Senate Majority Leader Harry Reid (D-Nev.) has pledged to bring new campaign finance legislation to the Senate floor before July 4, Sen. Charles Schumer (D-N.Y.) said Thursday.
Schumer said the new Disclose Act was designed to affect this fall's midterm elections "in every way."
"Leader Reid has pledged this bill will be on the floor before July 4," Schumer said Thursday, setting a timeline for the bill's movement through the Senate.
He added: "We have designed this proposal so it can take effect by 2010, in every way."
Schumer's comments, offered on the steps of the Supreme Court, underscore his opposition to its Citizens United decision earlier this year, which lifted restrictions on corporate and union spending on political advertising. The Disclose Act is a response to that 5-4 ruling and is aimed at forcing businesses, labor unions and other groups to provide information about any money they spend on political ads. The U.S. Chamber of Commerce had vowed to fight the legislation even before it was introduced.
"No longer will groups be able to live and [be] spending in the shadows," Schumer said during a press conference outside the high court. "While the court's decision was activist and overreached, our legislation does not."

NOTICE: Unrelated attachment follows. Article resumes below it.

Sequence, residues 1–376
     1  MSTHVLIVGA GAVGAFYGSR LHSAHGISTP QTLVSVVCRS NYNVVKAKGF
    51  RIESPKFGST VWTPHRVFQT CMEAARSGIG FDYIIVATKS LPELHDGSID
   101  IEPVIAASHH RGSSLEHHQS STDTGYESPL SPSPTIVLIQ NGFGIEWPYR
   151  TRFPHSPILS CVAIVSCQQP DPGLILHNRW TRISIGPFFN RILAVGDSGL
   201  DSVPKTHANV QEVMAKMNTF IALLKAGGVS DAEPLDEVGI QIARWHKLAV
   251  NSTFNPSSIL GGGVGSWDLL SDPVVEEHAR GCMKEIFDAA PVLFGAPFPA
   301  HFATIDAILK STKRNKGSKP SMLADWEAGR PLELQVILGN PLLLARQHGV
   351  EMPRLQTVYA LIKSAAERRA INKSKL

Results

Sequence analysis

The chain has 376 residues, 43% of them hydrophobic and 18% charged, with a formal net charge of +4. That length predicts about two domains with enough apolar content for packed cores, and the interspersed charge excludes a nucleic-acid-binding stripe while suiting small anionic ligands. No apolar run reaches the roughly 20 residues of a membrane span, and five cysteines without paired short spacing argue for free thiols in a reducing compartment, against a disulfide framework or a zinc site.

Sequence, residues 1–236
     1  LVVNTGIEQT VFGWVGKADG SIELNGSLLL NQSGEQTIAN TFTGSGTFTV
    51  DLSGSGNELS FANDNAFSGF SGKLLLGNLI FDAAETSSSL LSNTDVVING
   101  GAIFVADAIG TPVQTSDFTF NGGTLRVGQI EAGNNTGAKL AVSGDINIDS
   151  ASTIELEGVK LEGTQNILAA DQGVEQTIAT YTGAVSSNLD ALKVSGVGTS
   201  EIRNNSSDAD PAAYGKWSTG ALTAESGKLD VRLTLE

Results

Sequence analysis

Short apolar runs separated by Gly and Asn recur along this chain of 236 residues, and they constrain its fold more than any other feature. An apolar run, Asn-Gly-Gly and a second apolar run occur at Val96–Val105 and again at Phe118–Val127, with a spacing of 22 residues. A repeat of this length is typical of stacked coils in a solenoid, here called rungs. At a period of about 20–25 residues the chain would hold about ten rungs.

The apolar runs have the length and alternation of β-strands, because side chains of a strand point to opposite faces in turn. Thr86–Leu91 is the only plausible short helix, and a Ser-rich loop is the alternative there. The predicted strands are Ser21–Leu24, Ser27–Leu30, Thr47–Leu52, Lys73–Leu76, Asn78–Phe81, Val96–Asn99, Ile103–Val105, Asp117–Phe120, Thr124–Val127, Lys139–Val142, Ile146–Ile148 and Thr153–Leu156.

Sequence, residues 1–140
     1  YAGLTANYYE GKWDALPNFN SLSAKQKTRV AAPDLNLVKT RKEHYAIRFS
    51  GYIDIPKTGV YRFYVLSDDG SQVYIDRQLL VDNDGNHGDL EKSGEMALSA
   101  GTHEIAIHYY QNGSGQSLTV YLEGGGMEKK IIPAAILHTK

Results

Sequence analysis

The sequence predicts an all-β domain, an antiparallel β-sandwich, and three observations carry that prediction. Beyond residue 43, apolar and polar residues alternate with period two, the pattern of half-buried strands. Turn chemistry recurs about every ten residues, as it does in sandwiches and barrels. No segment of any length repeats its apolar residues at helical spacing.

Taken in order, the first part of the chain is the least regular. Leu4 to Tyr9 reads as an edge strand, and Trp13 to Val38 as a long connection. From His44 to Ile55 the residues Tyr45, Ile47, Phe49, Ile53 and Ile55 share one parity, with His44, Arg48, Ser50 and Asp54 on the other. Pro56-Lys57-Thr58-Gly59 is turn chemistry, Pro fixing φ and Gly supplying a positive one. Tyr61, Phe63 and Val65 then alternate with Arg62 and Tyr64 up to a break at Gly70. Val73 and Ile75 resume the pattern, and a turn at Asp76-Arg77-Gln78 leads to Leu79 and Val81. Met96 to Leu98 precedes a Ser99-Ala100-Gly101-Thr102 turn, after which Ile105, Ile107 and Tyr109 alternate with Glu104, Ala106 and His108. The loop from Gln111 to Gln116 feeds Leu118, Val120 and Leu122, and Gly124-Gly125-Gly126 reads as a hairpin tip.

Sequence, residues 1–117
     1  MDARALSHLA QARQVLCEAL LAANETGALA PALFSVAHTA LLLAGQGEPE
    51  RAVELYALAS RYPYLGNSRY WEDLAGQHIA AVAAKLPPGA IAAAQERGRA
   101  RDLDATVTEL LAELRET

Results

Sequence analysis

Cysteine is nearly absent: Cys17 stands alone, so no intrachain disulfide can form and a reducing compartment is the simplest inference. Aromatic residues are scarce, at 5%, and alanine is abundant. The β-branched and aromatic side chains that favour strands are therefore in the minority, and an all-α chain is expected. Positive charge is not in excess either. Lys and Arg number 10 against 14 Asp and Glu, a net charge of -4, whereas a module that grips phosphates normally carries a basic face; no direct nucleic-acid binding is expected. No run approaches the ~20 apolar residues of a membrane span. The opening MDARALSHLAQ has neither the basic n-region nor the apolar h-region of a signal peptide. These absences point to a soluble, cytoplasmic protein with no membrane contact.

The legislation has no Republican co-sponsors in the Senate, and just two GOP co-sponsors in the House, Reps. Mike Castle (Del.) and Walter Jones (N.C.).
"None of them in the Senate are willing to co-sponsor," Schumer said of his GOP colleagues. "But a good number of them have said they're favorably disposed to the legislation."
Sen. John Cornyn (Texas), who heads the Senate Republicans’ campaign arm, said the Democratic bill was designed to "tilt the political playing field" in Democrats' favor.
"I will oppose any legislation that is designed to gain an unfair advantage for one party, and any legislation that violates the First Amendment rights of Americans to participate in the political process," Cornyn said in a statement.
President Barack Obama and congressional Democrats have made the court decision a campaign issue, and Obama’s criticism of the decision in his State of the Union address sparked a fight with conservative justices on the Supreme Court.